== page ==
Avoiding Proprioceptive Loss Prevents Injuries When Forefoot Running

Barefoot-like footwear results in proprioceptive gains and marked reductions in lower extremity joint instability during forefoot running.

When a forefoot runner wears barefoot-like footwear, he or she is more likely to avoid painful perturbations of the plantar surface, resulting in less aggressive footfalls. This avoidance behavior co-occurs with the elevated ability to initiate withdrawal reflexes and is a natural control strategy to stabilize joint movements.

What Causes Proprioceptive Loss?

Proprioceptive Loss Causes  Lower Extremity Joint Injury
Heightened proprioception prevents problematic patterns in gait.

Proprioceptive loss occurs with cushioned footwear and results in poor position and movement awareness of the foot, ankle-joint, knee-joint and hip-joint.

It is becoming widely accepted that lower extremity joint injuries have arisen from cushioned running shoes, given that habitual shod runners show clear signs of biomechanical impairments (i.e. heel strike).

  • Shoe cushioning impairs mechanics because it alters pressure stimuli which causes mechanoreceptors to relay incorrect information from the plantar surface during running.

Moreover, barefoot runners and many minimalist shod runners maintain good proprioception, suggesting that cushioned footwear is the sole cause of proprioceptive loss.

Unfortunately, when a runner suffers a knee or ankle injury, many practitioners recommend increasingly protective footwear, however runners don’t respond well to such prescriptions because more external protection further dismantles proprioception, allowing more maladaptive landing behaviors to manifest during running.

The key to reducing destructive biomechanics is by enhancement of mechanoreceptor activation. Proprioception-based rehabilitation programs improve functional status in these receptors (Beard et al. 1994; Ihara, 1986). Barefoot or pure minimalist running, for example, comprehensively addresses proprioceptive loss by improving the ability to detect lower leg motions.

Because heightened proprioception is strongly associated with the fine-tuning of afferent-efferent arcs, wearing barefoot-like footwear is critical when it comes to preventing lower extremity joint injury in forefoot running.

Proprioceptive Strengthening Exercises

The best way to improve proprioception is to challenge it. For example, one-legged standing balancing exercises while your eyes are closed challenges postural stability (Laskowski et al. 1997). Progressive balancing exercises on a wobble board while barefoot is also highly effective.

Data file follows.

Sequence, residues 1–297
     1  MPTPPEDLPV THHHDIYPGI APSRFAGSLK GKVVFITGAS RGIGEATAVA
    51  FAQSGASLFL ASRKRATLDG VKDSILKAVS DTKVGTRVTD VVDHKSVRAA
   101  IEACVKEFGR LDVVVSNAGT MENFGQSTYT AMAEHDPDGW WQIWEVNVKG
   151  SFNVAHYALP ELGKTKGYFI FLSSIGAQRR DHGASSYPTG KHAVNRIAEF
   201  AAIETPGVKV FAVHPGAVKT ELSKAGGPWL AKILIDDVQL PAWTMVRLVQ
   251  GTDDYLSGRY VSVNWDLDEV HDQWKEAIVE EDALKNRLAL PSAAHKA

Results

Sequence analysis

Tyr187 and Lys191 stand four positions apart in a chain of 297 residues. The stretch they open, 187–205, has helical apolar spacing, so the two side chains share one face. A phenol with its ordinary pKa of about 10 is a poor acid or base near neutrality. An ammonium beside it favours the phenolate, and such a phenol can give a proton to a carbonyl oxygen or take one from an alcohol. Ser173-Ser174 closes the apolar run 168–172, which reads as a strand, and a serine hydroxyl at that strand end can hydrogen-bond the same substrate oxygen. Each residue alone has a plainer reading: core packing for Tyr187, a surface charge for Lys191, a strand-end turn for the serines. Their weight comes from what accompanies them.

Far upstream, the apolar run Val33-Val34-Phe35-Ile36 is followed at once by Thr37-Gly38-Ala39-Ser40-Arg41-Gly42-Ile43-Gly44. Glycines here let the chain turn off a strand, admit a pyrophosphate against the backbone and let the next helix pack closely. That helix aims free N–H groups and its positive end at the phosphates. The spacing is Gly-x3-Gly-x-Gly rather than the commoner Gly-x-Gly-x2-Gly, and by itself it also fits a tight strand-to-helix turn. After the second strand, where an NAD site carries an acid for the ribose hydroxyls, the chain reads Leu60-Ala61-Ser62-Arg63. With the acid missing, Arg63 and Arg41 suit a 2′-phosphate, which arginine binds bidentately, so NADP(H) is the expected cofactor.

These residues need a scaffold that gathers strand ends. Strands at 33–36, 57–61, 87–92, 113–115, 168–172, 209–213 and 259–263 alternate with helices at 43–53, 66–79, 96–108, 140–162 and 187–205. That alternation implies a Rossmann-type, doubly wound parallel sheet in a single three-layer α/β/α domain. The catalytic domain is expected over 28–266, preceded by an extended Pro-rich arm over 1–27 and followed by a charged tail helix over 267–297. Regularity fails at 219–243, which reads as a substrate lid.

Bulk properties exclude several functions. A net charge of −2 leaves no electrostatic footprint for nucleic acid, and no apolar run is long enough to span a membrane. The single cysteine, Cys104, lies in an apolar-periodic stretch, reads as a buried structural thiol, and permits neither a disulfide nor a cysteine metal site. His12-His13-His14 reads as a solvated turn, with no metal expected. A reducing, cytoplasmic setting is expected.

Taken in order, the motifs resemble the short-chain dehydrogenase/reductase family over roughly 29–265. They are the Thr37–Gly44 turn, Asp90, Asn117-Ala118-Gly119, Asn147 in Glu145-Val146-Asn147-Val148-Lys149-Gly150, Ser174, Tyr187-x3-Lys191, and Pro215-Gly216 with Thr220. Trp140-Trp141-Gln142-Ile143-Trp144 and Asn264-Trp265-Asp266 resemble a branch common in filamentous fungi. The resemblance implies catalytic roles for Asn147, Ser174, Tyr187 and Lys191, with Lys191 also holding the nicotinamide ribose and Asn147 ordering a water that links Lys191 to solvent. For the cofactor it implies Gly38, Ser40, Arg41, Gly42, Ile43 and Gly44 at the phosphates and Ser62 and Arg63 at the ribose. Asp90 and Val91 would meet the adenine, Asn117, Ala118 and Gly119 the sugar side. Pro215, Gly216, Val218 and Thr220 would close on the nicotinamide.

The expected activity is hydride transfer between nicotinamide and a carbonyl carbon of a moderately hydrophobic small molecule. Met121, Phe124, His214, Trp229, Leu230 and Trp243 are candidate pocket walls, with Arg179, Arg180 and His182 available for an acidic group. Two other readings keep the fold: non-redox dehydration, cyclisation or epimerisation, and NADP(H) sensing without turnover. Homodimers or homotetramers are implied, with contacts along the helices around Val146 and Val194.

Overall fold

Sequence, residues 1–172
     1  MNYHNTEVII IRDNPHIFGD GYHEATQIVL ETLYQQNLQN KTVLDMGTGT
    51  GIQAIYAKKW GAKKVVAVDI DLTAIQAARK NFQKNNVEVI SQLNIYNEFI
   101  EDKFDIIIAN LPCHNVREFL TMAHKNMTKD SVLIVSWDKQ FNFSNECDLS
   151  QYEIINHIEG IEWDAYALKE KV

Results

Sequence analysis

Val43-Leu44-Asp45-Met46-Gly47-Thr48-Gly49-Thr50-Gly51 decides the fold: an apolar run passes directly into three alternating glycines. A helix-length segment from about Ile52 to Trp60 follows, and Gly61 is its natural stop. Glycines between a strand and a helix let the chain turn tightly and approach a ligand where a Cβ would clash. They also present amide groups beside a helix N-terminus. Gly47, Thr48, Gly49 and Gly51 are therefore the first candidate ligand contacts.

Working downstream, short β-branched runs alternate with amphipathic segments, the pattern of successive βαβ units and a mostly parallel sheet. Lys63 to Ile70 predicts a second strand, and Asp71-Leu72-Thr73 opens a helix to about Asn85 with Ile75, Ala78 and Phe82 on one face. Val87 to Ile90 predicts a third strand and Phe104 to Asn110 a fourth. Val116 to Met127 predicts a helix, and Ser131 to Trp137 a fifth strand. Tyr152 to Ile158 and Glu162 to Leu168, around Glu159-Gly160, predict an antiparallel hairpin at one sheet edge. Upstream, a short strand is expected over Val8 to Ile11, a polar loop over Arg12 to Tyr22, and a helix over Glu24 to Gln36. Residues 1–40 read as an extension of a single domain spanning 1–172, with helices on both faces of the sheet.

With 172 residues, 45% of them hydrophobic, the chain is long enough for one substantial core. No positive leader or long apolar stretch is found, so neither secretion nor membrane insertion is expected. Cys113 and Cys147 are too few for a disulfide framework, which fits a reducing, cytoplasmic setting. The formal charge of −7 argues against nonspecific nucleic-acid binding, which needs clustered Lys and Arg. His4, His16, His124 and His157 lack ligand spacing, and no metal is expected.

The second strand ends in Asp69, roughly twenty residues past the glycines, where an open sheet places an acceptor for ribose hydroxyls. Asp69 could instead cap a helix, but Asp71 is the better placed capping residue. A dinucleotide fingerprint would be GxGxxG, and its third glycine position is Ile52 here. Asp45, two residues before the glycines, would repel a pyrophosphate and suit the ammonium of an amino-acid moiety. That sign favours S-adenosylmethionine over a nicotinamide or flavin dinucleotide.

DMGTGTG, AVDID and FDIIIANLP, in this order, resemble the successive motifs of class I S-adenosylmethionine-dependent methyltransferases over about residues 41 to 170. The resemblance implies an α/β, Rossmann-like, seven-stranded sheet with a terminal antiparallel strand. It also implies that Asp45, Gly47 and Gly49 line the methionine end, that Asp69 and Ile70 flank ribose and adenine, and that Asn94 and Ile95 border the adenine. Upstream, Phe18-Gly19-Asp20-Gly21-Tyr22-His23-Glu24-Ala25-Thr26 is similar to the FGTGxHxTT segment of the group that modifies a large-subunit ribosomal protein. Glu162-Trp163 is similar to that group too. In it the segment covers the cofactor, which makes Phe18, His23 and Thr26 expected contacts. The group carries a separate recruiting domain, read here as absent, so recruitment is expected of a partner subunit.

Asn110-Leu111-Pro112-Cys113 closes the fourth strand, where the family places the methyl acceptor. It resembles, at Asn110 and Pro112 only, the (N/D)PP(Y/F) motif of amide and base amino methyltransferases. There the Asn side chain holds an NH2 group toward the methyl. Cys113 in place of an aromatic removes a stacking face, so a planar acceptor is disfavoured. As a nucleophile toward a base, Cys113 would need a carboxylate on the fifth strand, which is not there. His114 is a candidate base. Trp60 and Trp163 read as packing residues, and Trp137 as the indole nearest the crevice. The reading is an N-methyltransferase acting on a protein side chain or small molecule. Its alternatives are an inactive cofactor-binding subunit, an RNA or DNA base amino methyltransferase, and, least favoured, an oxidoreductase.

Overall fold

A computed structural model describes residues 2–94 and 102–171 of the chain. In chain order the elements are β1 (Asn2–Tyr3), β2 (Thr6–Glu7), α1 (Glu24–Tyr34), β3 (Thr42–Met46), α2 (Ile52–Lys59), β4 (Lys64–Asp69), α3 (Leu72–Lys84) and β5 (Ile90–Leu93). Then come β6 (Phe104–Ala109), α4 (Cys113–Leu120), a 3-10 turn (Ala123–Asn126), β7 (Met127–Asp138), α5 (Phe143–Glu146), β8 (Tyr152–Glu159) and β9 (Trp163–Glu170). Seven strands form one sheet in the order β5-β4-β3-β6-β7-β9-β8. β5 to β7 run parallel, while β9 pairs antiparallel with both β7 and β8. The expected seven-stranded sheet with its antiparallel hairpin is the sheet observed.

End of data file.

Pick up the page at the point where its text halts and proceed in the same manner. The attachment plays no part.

The Take Home Message

Running is a neuromuscular function which relies on feedback from peripheral receptors to solidify learned strategies that enable the body to circumvent pain and injury. In a similar vein, your joints may feel mechanically stable, but if your proprioception is compromised, then so is the stability of your movement trajectory when forefoot running.

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Beard DJ, Dodd CA, Trundle HR, et al: Proprioception enhancement for anterior cruciate ligament deficiency: a prospective randomised trial of two physiotherapy regimes. J Bone Joint Surg (Br) 1994;76(4):654-659

Ihara H, Nakayama A: Dynamic joint control training for knee ligament injuries. Am J Sports Med 1986;14(4):309-315

Laskowski et al. Refining rehabilitation with proprioception training: expediting return to play. Phys Sports Med, 1997; 25(10).

Schutte MJ, Happel LT: Joint innervation in joint injury. Clin Sports Med 1990;9(2):511-517

Bretta Riches

"I believe the forefoot strike is the engine of endurance running..."

BSc Neurobiology; MSc Biomechanics candidate, ultra minimalist runner & founder of RunForefoot. I was a heel striker, always injured. I was inspired by the great Tirunesh Dibaba to try forefoot running. Now, I'm injury free. This is why I launched Run Forefoot, to advocate the health & performance benefits of forefoot running and to raise awareness on the dangers of heel striking, because the world needs to know.
Bretta Riches

P.S. Don't forget to check out the Run Forefoot Facebook Page, it's a terrific place to ask questions about forefoot running, barefoot running and injury. I'm always happy to help!

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